Suburgatory

Suburgatory 1×18 – Downtime

"What do you feel? / Angerment. Bitterness. Resent."

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As far as I’m concerned, Suburgatory is still the strongest new comedy of the season. When it was first announced, I wondered how they would take the Desperate Housewives suburban satire niche and successfully differentiate it enough for the show to have its own unique tone and quirks. I’m glad to say that 18 episodes into its first season, the show is still as phenomenal as it was in its pilot. Much like Revenge (my favorite new drama of the season), Suburgatory has pretty much never faltered and has consistently realized a hilarious world and a range of lovable characters. I’m glad that the show is a success because it has enough material to go on for a very long time and this episode did not disappoint.

Dallas and George continue to develop as their relationship has just been wonderful to watch evolve over the season. The writers have balanced a careful line in not moving too fast or too slow and it’s just been a perfect arc that hasn’t missed a beat. It was definitely my favorite storyline of the episode. Of course, Sheila as always did not disappoint (she had a number of remarkable lines this week) and I enjoyed Tessa bonding with Ryan of all people.

My one caveat with the show this season (if any) was that Lisa wasn’t the most intriguing character as I always felt she didn’t fit into the show. I’m happy to say that the show has capably rectified this as she’s finally become an integral and vital component of the cast in the past few episodes. Well done ladies and gents. That’s how you fix your flaws.

Pickets & Fences

– Lisa, Maleek, & the water fountain. Hysterical. (And then the ice cream).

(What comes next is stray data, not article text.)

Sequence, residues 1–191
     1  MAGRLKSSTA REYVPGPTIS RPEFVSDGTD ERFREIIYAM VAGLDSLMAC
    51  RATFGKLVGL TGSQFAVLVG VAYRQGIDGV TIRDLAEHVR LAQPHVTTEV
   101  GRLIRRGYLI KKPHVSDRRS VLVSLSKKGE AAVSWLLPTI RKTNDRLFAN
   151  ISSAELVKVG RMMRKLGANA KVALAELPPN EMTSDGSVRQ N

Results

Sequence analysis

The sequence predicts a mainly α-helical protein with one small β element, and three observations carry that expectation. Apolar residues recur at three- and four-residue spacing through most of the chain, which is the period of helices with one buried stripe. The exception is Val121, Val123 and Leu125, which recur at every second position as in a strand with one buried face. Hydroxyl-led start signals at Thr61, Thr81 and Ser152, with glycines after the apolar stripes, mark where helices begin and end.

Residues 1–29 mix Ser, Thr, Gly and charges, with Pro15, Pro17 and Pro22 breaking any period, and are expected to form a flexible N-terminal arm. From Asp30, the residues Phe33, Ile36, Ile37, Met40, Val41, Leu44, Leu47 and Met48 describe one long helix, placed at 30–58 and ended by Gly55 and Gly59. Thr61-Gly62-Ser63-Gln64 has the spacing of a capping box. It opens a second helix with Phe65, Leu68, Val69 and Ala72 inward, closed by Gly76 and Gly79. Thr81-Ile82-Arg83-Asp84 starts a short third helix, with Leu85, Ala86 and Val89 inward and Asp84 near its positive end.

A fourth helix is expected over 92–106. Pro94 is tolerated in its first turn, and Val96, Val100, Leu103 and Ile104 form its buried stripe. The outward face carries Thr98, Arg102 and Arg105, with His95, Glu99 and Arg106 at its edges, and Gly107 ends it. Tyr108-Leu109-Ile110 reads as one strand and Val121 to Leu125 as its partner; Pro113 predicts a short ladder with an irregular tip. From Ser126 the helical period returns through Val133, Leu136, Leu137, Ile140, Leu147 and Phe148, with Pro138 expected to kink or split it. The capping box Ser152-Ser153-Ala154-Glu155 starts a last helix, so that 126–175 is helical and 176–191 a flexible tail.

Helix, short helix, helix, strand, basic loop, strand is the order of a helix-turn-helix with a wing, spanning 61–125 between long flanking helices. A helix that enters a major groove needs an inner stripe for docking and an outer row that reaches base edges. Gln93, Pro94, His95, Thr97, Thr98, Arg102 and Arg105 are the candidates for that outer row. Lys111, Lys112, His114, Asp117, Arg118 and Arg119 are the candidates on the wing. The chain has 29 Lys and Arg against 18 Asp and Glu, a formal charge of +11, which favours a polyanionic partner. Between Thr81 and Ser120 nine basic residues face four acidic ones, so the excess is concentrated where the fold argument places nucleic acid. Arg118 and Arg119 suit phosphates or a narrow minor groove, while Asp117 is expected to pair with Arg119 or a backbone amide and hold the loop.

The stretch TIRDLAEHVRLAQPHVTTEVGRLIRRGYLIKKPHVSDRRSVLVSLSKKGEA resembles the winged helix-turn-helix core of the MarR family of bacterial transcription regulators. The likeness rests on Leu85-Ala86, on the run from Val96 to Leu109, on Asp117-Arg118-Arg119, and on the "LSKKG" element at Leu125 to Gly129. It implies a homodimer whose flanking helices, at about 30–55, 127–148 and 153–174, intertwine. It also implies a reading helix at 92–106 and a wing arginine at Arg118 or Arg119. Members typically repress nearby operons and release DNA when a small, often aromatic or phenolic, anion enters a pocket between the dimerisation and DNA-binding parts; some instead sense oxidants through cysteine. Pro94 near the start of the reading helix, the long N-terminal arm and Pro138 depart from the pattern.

– Dalia at therapy? That could be its own show. Genius idea.

– The Yokult reveal: priceless.

– Noah test-driving the bed with his bedroom moves. Awesomeness.

– Cute montage with Tessa on her night alone at home.

– Dalia getting mad at Yokult for eating more than half her spring roll was great. As was her bonding with Noah. I like it when writers experiment with different combinations of characters.

– Touching moment between George and Dallas on the bed as he cheered her up.

– I died when the kangaroo was revealed. I died even more when Dalia said she uses him to hold her cellphone.

– The boob touching was strangely touching (pardon the pun) in a creepy sort of way.

Slices Of Suburbia

Sheila: Now you listen to me Lisa Marie. For years I have sat here while you prattled on about your social life when nothing even remotely interesting was going on. Well now that things are getting real, I want details. I want the dish. Bring it on Sista!

Dallas: Oh George you startled me! I was mid-tweet. Hastag, mid-tweet. I’m all yours.

Sheila: I think he has an Obama quality. I see a young Obama. Meets Denzel. Meets Sammy Davis Junior.
Lisa: You’re just naming black people.
Sheila: Meets Montel Jordan.
Malik: I actually get that a lot.
Sheila: Ha. You’re jiving me!

Sheila: Would you like to sleep over tonight?
Malik: I don’t think my mom would allow that.
Sheila: Of course not. (To Lisa) I just don’t want him to lose interest.

Sheila: Okay lovebirds time for school. (To Malik) HIP HOP or you’re gonna be late. (Hands him a lunch bag) Ham & Cheese Brotha. If you keep dating Lisa, plenty more where that came from.

George: I’m worried about her. She seemed a little manic that last time we talked.
Dallas: Hey Ya’all. I hope I’m dressed okay. Since I didn’t know what we were doing, I brought a raincoat, a walking coat, a car coat, and a cape. In case we see Opera. We probably won’t see Opera.

Dalia This is why I asked Mommy to please get me the Hangover Monkey, like from that movie The Hangover.

Lisa: (To Tessa) Cause me and you we’re for real. Like Thelma and that other hoe.

Dallas: I don’t even know what a depressed person dresses like.

Ryan: Are you sure you’re okay with this? Cause I know they don’t serve any of the food listed on your pajamas.

Conclusion
An excellent episode of a superb show that has pitch-perfect confidence in its world and its characters.

Nad Rating
A-

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